Developed an ultra-immersive pop-up experiential activation to promote Lego’s new product line to his family, by scattering loose Lego pieces around the house for Dad to step on by accident.

Emily Song, 7

Freelance Digital Evangelist

Founded a digital startup that uses the blockchain and augmented reality to disrupt out-of-home billboards. Received the first prize for perfect attendence at Little Angels Preschool two years running.

Jeremy Bentham, 6


Jeremy Bentham clicks on every banner ad he sees. Forrester attributes the continued survival of online media publications to Mr. Bentham’s tireless work.

Bethany Gutierrez, 9

Chief Marketing Officer, AListDaily

Bethany Gutierrez brainstormed, conceived, designed, produced and wrote AListDaily’s April Fools Day joke.

Annabel Johnson, 2


Annabel Johnson’s first recorded word was “programmatic.”

Taco Bell Considers ‘Web of Fries’ Sequel After Success Of First Trailer

Taco Bell’s “Web of Fries” movie trailer sold a whole lot of nacho fries, so Taco Bell is considering what any movie studio would do—order a sequel.

Launched in January, Taco Bell’s trailer for a non-existent movie called “Web of Fries” told the story of a man who stumbles on a conspiracy by “Big Burger” to squelch any competition. The protagonist, played by Josh Duhamel (Love, Simon), finds himself obsessed about uncovering the truth about why Taco Bell doesn’t offer fries and finds himself being threatened by “the burger people” who don’t want the world to know.

“A lot of people are selling fries,” Tracee Larocca, Taco Bell’s senior vice president of advertising and brand engagement told Variety. “We had to find a way that felt really different and get people’s attention.”

The trailer resulted in 53 million orders of nacho fries within the first five weeks of its campaign. In the first weeks following the trailer, one in three orders included Nacho Fries. Now, Larocca said, the quick service restaurant is considering a sequel.

This is good news for fans of the trailer, which ended in a life-threatening cliffhanger.

Taco Bell has adopted a tongue-in-cheek marketing approach for years, from using a talking chihuahua as a spokesperson to offering wedding ceremonies in its Las Vegas restaurant.

Short films can be an effective way of telling a brand’s story in a short amount of time. In 2016, Chipotle released a Pixar-like animated film called “Love” that told the story of two young entrepreneurs brought together with fresh ingredients.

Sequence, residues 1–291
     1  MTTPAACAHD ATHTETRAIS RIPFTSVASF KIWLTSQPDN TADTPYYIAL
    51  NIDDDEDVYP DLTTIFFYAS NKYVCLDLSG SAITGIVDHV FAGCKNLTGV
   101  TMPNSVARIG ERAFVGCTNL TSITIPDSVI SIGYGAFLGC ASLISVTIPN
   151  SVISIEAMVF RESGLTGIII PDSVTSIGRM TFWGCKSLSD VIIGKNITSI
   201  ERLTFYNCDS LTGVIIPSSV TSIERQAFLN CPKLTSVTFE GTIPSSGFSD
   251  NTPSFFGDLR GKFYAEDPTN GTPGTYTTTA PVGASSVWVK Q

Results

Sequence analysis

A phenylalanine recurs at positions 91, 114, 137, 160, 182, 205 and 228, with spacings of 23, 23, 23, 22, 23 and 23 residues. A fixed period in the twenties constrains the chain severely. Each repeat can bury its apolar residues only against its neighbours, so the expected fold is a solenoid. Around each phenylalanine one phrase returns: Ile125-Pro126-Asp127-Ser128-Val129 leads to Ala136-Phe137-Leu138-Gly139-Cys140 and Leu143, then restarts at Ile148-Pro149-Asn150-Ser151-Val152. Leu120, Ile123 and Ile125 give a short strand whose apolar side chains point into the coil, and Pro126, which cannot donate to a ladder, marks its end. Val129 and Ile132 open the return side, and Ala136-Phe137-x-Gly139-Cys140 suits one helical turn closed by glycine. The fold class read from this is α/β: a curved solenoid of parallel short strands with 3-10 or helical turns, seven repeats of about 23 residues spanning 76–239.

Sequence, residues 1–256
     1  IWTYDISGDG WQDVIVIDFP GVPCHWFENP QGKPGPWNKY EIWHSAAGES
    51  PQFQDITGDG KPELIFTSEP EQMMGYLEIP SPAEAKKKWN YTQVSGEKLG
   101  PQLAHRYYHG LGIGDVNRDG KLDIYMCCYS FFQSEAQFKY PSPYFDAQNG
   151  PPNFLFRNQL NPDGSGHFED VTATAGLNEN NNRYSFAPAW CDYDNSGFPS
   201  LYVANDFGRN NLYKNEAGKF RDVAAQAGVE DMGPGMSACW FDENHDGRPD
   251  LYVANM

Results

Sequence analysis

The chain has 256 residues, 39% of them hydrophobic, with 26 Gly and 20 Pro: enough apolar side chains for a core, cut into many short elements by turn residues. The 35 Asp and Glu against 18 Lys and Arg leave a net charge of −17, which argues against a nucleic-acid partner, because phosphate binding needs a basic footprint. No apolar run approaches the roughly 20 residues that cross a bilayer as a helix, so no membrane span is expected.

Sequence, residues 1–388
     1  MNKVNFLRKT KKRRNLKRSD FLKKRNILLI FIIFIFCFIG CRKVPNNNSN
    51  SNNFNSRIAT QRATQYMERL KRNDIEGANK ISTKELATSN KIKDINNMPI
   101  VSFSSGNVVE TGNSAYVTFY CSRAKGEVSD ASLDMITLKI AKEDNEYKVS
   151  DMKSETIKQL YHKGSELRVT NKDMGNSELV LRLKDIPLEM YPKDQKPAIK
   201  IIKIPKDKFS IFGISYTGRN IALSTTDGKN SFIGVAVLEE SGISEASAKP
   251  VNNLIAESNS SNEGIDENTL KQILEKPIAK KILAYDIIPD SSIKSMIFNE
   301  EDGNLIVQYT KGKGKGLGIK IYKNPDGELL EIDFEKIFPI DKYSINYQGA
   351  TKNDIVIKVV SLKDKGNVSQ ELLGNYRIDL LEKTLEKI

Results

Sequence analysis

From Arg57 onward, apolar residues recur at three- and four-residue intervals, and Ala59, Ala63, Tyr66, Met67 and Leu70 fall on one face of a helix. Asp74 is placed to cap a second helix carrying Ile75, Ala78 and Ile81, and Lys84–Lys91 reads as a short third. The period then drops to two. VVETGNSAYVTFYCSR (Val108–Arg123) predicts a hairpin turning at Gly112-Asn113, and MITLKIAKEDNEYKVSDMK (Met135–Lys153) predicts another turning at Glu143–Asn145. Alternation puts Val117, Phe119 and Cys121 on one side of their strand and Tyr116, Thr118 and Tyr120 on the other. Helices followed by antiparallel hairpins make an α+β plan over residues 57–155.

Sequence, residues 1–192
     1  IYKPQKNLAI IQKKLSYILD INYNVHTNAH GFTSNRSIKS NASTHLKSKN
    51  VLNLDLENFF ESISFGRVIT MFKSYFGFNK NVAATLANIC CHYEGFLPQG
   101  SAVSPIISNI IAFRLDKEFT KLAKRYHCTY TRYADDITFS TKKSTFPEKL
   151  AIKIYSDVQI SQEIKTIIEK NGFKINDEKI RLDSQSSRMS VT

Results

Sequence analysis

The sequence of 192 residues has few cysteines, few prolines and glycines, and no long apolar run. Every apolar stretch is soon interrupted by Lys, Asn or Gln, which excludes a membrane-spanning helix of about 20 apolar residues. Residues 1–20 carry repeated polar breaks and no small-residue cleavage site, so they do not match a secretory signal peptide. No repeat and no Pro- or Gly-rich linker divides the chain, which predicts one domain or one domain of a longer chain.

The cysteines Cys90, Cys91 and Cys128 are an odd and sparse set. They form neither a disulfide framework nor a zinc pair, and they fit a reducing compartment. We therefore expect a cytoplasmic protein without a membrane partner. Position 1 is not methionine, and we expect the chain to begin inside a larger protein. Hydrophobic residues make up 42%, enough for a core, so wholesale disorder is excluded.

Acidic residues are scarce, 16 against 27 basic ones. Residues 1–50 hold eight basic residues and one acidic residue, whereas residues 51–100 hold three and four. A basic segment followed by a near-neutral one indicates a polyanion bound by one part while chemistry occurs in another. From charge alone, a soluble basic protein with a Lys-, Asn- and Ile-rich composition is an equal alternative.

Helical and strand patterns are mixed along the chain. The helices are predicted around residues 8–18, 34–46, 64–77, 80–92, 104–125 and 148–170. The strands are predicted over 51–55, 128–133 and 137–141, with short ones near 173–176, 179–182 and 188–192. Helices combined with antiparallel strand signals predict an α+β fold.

Pepsi’s “Uncle Drew” series of ads, starring NBA Kyrie Irving in disguise, has evolved from a short film into a full-length movie hitting theaters this summer.

“Web of Lies” looks like a real film. Time will tell if a “Web of Fries” Part 2 can match the campaign’s initial success and if would ever spawn a full-length adaptation.

Brands Engage Easter Consumers With Virtual Egg Hunts

Brands are on the hunt for consumer engagement this Easter holiday with the use of virtual egg hunts.

On Thursday, Cadbury hosted a one-hour Facebook event that invited Australian users to explore a 360-degree virtual landscape and comment when they found a hidden egg. The first to locate each egg was rewarded with real-world chocolate treats.

According to The Drum, the event drew 220,000 visitors, posting a total of 70,000 comments.

The Great Snapchat Egg Hunt debuted March 22 and runs through April 1 in the US and Canada. The AR scavenger hunt uses GPS to indicate when virtual eggs are near. Tapping on nearby eggs prompts the 3D World Lens to take over, placing the eggs in “real life.” Collecting eggs earns the users points, which can be compared to friends on the Snap Map leaderboard. Rare gold eggs are worth 5 points, and regular eggs are worth one.

Users who don’t want to display their location can still play in Ghost Mode, and their score will only be visible to them.

Throughout the month of March, Niantic has hosted the Pokemon GO Easter Eggstravaganza, offering users more chances to hatch certain Pokemon. The collectible creatures hatch from eggs, making the event a natural tie-in to Easter celebrations.

In Pokemon GO, users can collect eggs that hatch after traveling either 2 km, 5 km or 10 km. Certain Pokemon, such as Wynaut or Ralts are normally available only in eggs that require a longer distance but are available in 2 km eggs until April 2.